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Saturday 21 September 2019
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Editorial

Tourism penny drops

Photo courtesy Pixabay
Photo courtesy Pixabay

THE REPORTED divergence between the leadership of Tourism Trinidad Limited and its line ministry, Tourism, is not only about conflict between different levels of governance but also a clear symptom of an ailing tourism sector.

Whether in Trinidad or Tobago, since 2015, tourism arrivals have declined. In that year, arrivals were 439,749 but by 2018, fell to 375,485. These figures, from the ministry, suggest 2019 is not likely to be any different.

In fact, the Caribbean Tourism Organisation recently recorded a 2.2 per cent drop in tourism. Those in denial over the years must now face reality. The penny has dropped.

A radical restructuring of the tourism sector, with the splitting of the Tourism Development Company into two agencies — one for Trinidad, one for Tobago — has not turned the tide in any drastic way.

It has not helped that there has been musical chairs at the level of the ministry. We have had two tourism ministers since 2015: Shamfa Cudjoe and Randall Mitchell.

Mitchell has apparently disagreed with a decision taken by Tourism Trinidad Limited’s chairman Janelle “Penny” Commissiong-Chow.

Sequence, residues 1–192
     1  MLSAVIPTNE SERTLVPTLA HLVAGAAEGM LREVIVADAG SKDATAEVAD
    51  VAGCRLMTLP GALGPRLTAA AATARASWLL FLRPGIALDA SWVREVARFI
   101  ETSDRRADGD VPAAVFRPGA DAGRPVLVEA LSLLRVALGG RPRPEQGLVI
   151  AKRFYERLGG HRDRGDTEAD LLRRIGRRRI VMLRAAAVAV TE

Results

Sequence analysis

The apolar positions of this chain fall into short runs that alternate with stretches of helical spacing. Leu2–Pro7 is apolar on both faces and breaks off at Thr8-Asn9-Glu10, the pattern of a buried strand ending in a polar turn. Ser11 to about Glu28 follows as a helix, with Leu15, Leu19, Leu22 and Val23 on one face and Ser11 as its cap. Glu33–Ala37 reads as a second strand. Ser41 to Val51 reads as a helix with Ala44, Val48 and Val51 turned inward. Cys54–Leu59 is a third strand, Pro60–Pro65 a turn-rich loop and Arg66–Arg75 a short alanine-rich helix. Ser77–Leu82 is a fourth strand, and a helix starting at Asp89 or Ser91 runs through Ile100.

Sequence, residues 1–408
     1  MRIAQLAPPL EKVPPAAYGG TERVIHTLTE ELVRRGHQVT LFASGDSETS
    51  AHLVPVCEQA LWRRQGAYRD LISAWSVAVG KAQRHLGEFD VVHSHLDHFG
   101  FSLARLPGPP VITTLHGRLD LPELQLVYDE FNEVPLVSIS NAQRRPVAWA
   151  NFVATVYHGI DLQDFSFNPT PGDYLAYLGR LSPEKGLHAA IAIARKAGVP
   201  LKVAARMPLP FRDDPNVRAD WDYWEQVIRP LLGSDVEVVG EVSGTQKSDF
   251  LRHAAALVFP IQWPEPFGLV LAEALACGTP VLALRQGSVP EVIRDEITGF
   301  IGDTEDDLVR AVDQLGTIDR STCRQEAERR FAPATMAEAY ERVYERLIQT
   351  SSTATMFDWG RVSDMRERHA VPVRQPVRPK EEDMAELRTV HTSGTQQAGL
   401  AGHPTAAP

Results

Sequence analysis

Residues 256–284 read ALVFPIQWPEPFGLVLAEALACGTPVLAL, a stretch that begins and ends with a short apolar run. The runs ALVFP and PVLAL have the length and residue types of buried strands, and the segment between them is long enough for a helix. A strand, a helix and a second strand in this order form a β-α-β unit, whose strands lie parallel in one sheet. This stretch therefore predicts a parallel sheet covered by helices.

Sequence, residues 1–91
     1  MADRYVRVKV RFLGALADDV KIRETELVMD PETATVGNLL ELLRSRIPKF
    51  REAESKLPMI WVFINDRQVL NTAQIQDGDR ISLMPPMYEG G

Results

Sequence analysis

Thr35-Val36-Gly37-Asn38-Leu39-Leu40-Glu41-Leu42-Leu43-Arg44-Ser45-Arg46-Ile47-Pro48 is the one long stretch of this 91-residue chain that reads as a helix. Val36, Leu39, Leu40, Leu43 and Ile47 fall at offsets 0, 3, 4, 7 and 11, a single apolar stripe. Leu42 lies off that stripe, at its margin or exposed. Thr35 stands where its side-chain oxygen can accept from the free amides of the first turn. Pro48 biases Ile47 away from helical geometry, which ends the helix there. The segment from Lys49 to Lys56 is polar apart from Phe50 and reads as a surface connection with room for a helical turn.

The difference of views relates to the dismissal of Camille Campbell as the CEO of Tourism Trinidad, in post for six months. The board of the new state entity has also apparently split.

A line minister has a power to issue directives to state companies, but that power is normally entrenched in a statute. Tourism Trinidad Limited, being a new agency, may not necessarily fall under any specific statute outside of the Companies' Act, opening a theoretical grey area of accountability.

A minister should be able to give orders. But there are good reasons why ministers should not become too involved in the day-to-day operations of companies under their remit.

The Cabinet risks becoming too invested in matters for which it should be at arm’s length and for which it has hired others with special talent to manage on the ground level.

Whatever the nuances forming the backdrop to this matter, it does not bode well for tourism. Have any of the parties relieved the pressures currently facing the sector?

Presumably, both Mitchell and Commissiong-Chow have the same aims. It is hoped they can find a way to move on.

Meanwhile, is our tourism product reforming itself fast enough? Little Kayleigh Lewis, the newly appointed Junior Secretary of Tourism, has called for tourism to be taught in schools and has drawn attention to the role of technology in changing the arena.

She has created an app that allows stakeholders to monitor reviews from clients, reflecting the fact that tourists are no longer uninformed. There is an entirely new, instant, social media landscape which provides almost real-time information about events and destinations.

Cabinet should resolve any grey areas fast. Mitchell and Commissiong-Chow have better things to do.

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